not be convinced to wear the hat. The button was OK but not that hat!
We decided to have a quick tour around the grounds to give me a general
lay of the land before my noon appointment in the food pavilion to
meet the Richardwho collectors. I could explore the exhibits after
the collector event. We followed a strolling Zygon to the main entrance
of the Longleat House where we found hoards of Daleks scurrying about.
Some in colors I had never seen before. There were children jumping
about trying to get rides on the evil monsters as the Dalek handlers
fended them off. I'm sure some of the operators were wishing for a
functioning Dalek blaster. Billed as the largest assemblage of Daleks
in one place ever, it was quite a site to see.
passed by the tent (marquee) where Sophie Aldred and John Leeson were
signing autographs. The line (queue) to see them was huge, stretching
out of site. I had promised my son Tristin I would get him a signed
picture of Sophie if I could, Ace being his favorite companion. It
was not looking very good though. I had so
much I had to get done that day and I could not afford to stop for
a few hours and stand in line. Sarah offered to queue for me but I
could not ask her to stand in the blazing heat for that long. We will
see what the line looked like after my collector event. "There
it is Rich" Simon yelled pointing in the direction of a large
blue police box, "The prop exhibit!" We poked our
head in the entrance, which was surprisingly next to the Tardis, not
through the Tardis Doors as I expected. It was packed with people,
shoulder to shoulder. After the Collector event! We went around the
back of the exhibit where several Daleks, a Cyberman and a Zygon were
milling about. They posed for pictures with us. "Where is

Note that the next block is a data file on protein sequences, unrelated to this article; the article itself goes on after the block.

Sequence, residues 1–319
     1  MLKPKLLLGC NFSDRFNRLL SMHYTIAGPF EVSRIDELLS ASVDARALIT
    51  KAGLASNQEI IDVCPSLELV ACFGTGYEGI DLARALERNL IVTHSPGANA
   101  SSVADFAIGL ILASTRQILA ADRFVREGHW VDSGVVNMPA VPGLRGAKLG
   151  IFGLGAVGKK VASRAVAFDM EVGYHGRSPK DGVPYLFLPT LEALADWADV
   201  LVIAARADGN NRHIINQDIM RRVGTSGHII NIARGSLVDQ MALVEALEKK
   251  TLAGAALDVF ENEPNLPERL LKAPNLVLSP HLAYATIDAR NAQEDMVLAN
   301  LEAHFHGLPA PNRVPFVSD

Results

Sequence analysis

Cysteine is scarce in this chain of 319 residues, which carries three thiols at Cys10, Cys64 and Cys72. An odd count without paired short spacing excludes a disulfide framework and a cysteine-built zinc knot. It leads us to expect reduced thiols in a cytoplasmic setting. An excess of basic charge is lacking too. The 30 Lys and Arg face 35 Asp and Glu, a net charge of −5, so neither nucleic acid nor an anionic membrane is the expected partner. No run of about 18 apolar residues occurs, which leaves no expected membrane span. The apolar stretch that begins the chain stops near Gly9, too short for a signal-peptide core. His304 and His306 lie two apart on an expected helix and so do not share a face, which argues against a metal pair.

the Dr Who Store?" I asked. "Back there by the
Dollhouse museum" Matt answered back. "By the reproduction
of Bessie". Lets give that a try. Sarah piped in with "It
is time you were getting to the pavilion, you don't want to be late".
Of course she was right.
and I went back to the car to get the give-a-ways and Matt and Sarah
set up camp in the food Pavilion where we all settled in for two hours
of mingling. A slow start had the four of us wondering if anyone would
show up at all. But my insecurity's were squelched as one by one the
familiar names from my web site turned into flesh and blood people.
Peter in Kent with his lovely companion. Andrew Hogg came down from
Liverpool. Frank Xerri and Gary in Sussex (maduncledai) in costume
even were all there. With the addition of the Trinity Matt, Sarah
and Simon, we all had a nice long chat about everything under the
sun. Derek Handley stopped by and we talked about some of his work.
Many people stopped me to say they enjoy the website and wished me
well. Quite a memorable event, for me anyway. It ended with everyone
agreeing that we must do another very soon and broke up to enjoy the
remainder of the park events on our own.
down to the original four adventures we set out to enjoy the parts
of the park we surveyed earlier in the morning. We began by touring
the house. As many times as the Trinity had been to Longleat they
had never been in the house. Well it was one of the things I wanted
to do so I was pleased we could share another first. Once inside it
is exactly what I expected from a fancy English house. Old everything,
with huge furniture and paintings the size of billboards. I was surprised
by how decorative the ceilings were. I have never seen anything like
them before. Not allowed to touch anything or take pictures I was